NAFTA doesn't cover Canada's dairy industry, and its dispute panels have consistently favored Canada on the softwood issue. So these recent trade fights aren't endearing the agreement to its No. 1 critic — President Trump.
Trump said during a speech: "In Canada, some very unfair things have happened to our dairy farmers and others, and we're going to start working on that. ... The fact is, NAFTA has been a complete and total disaster for the United States — a complete and total disaster."
The U.S. owes Mexico $163 million a year, according to the World Trade Organization.
That's because the U.S. had been penalizing Mexico over tuna — claiming the product from Mexico wasn't "dolphin safe," which means no dolphins were killed by the fishermen.
Mexico challenged that with the WTO, claiming its fishermen followed all international rules and regulations.
The WTO agreed and ruled that Mexico could place trade sanctions on the U.S. of up to $163 million a year, enough to make up Mexico's estimated loss.
The additional tariffs won't add much to the nearly $50 billion trade deficit the U.S. already holds with Mexico. But the ruling is a political black eye for President Trump, who still insists Mexico will pay for a border wall between it and the U.S.
And the WTO order is another wrinkle in Trump's plans to get a better trade deal with Mexico by renegotiating the North American Free Trade Agreement, or NAFTA.
The front-runner in France's presidential election has reportedly been targeted by hackers believed to be working for Russia.
A cybersecurity firm discovered that someone tried to trick members of Emmanuel Macron's campaign into sending them sensitive information. The campaign said the attempts were unsuccessful.
The hackers reportedly sent out emails from accounts that looked a lot like official ones. That's the same "phishing" tactic that was used to hack Hillary Clinton's campaign staff.
European and American intelligence both concluded that Russia was responsible for hacking the Democratic National Committee in the run-up to the 2016 presidential election.
Macron is squaring off against far-right candidate Marine Le Pen in the final round of the French election. Russian state media has praised Le Pen for her anti-European Union policies.
Russia's president, Vladimir Putin, denied responsibility for the hack and said Russia had no reason to want Macron to lose. But Le Pen met with Putin in March and said she wanted to remove EU sanctions against Russia.
In this special report, Newsy's Liz Wahl travels across Ukraine to see how the embattled country is faring in its long war with pro-Russian separatists and how new American leadership could shape the conflict.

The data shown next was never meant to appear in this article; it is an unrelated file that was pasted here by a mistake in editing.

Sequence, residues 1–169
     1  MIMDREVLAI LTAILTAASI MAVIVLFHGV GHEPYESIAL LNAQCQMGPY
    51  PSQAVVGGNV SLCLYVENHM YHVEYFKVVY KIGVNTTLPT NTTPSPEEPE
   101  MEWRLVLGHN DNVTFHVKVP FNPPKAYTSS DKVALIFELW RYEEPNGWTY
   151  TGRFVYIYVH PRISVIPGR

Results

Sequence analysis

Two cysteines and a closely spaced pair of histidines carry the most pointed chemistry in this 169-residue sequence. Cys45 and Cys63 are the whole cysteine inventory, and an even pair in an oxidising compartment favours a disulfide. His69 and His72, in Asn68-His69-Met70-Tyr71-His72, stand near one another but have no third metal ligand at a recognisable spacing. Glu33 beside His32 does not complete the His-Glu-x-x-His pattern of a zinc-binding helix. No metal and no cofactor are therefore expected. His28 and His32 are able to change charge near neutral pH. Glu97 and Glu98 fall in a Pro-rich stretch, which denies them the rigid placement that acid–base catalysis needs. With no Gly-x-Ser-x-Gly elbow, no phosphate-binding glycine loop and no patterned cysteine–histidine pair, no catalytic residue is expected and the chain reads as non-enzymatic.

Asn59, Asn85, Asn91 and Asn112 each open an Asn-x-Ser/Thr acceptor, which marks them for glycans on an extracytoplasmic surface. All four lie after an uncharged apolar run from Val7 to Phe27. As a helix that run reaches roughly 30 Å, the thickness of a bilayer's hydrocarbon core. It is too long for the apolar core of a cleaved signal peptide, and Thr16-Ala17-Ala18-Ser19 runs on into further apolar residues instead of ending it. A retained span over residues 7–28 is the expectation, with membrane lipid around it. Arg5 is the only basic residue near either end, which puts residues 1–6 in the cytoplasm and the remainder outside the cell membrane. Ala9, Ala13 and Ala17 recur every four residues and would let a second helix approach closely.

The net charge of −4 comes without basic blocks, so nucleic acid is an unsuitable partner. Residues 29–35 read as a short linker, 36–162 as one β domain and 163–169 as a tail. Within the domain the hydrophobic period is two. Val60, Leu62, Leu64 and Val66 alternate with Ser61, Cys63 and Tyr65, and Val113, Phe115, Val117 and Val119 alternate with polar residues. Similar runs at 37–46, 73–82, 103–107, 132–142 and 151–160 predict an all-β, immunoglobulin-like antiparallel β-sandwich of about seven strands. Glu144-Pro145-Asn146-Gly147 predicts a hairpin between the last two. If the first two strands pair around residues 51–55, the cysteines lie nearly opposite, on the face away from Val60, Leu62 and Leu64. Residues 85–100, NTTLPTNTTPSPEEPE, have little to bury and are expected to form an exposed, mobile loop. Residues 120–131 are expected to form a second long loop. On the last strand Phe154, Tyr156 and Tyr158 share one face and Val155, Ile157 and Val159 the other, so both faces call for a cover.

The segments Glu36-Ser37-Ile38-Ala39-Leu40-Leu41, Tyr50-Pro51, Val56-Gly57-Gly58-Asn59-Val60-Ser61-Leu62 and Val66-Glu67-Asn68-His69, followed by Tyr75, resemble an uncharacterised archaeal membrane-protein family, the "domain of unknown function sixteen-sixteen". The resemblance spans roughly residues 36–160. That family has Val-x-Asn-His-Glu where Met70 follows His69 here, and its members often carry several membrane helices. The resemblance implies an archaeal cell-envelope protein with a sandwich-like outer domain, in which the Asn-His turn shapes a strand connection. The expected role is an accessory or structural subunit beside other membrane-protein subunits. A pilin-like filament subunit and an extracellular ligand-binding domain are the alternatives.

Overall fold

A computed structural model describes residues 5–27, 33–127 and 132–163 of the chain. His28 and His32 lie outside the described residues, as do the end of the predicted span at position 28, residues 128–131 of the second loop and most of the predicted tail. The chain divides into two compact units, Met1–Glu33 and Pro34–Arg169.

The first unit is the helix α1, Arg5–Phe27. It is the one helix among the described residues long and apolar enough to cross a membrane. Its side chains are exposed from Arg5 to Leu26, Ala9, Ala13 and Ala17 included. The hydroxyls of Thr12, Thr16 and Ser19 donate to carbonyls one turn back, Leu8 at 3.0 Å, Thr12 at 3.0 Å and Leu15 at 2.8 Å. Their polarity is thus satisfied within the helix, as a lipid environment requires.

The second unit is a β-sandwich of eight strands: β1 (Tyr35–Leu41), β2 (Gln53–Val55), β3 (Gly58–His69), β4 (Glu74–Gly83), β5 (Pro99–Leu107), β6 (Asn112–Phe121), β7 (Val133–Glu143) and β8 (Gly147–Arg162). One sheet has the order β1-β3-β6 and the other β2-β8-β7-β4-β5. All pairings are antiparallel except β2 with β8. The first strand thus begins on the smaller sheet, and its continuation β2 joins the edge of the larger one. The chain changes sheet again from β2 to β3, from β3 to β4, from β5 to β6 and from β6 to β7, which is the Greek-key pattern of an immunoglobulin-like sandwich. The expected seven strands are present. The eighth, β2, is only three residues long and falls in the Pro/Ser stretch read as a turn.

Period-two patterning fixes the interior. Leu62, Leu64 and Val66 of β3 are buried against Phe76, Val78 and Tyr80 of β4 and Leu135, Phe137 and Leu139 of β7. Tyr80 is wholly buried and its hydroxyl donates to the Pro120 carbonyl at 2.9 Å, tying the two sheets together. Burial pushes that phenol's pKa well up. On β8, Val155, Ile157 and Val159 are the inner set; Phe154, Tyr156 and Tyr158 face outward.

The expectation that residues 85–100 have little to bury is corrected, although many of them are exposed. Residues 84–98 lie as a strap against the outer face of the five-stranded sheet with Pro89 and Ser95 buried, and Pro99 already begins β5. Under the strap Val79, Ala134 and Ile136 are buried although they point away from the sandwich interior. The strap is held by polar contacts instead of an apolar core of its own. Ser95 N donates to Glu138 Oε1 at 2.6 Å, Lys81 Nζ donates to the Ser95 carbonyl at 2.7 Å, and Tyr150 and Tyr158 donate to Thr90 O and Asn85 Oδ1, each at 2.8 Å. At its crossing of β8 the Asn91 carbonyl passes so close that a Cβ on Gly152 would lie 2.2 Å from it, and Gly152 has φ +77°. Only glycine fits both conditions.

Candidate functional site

After protests in 2014 pushed out Ukraine's then-president, backed by Russia's Vladimir Putin, the country's pro-Europe factions have been under constant military and economic pressure from Russia. Corruption is still rampant. People are frustrated — at the state of the economy and that reforms aren't happening fast enough. And now a new worry: the uncertainty of working with new American leadership that has put Eastern Europe on edge.
Leaders of the House Oversight Committee say retired Lt. Gen. Michael Flynn apparently didn't seek or get permission to give a paid speech for a Russian government-owned TV station in 2015. They also say Flynn didn't disclose the payment one month later when he tried to get his security clearance renewed.
"Personally, I see no information or no data to support the notion that Gen. Flynn complied with the law," Rep. Jason Chaffetz said Tuesday.
Flynn, who President Trump fired from his post as national security adviser in February, was paid $45,000 for the speech.
Addressing reporters after a classified briefing Tuesday, House Oversight Committee Chairman Chaffetz said Flynn would have needed permission from the secretaries of state and defense. Neither department has been able to provide information showing Flynn did try to get that permission.
Last month, Flynn retroactively filed as a foreign agent for over $500,000 worth of lobbying work he and his firm did that "could be construed to have principally benefited the Republic of Turkey." The work was conducted in the summer and fall of 2016, when Flynn was also an adviser to the Trump campaign.
"As a former military officer, you simply cannot take money from Russia, Turkey or anybody else. And it appears as if he did take that money. It was inappropriate and there are repercussions for that violation of law," Chaffetz said.
The committee has sought more information, including documents related to the Trump administration's vetting of Flynn for the national security adviser position and his subsequent firing.
"The White House has refused to provide this committee with a single piece of paper in response to our bipartisan request, and that's simply unacceptable," ranking member Elijah Cummings told reporters.
The White House, in a letter to the committee, said the documents requested were either held at other agencies, predated Flynn's employment at the White House or contained information that was "sensitive." But that response has raised more questions.
"But you're acting as if you had no custodial or ethical responsibility of your own transition," CBS' Major Garrett said.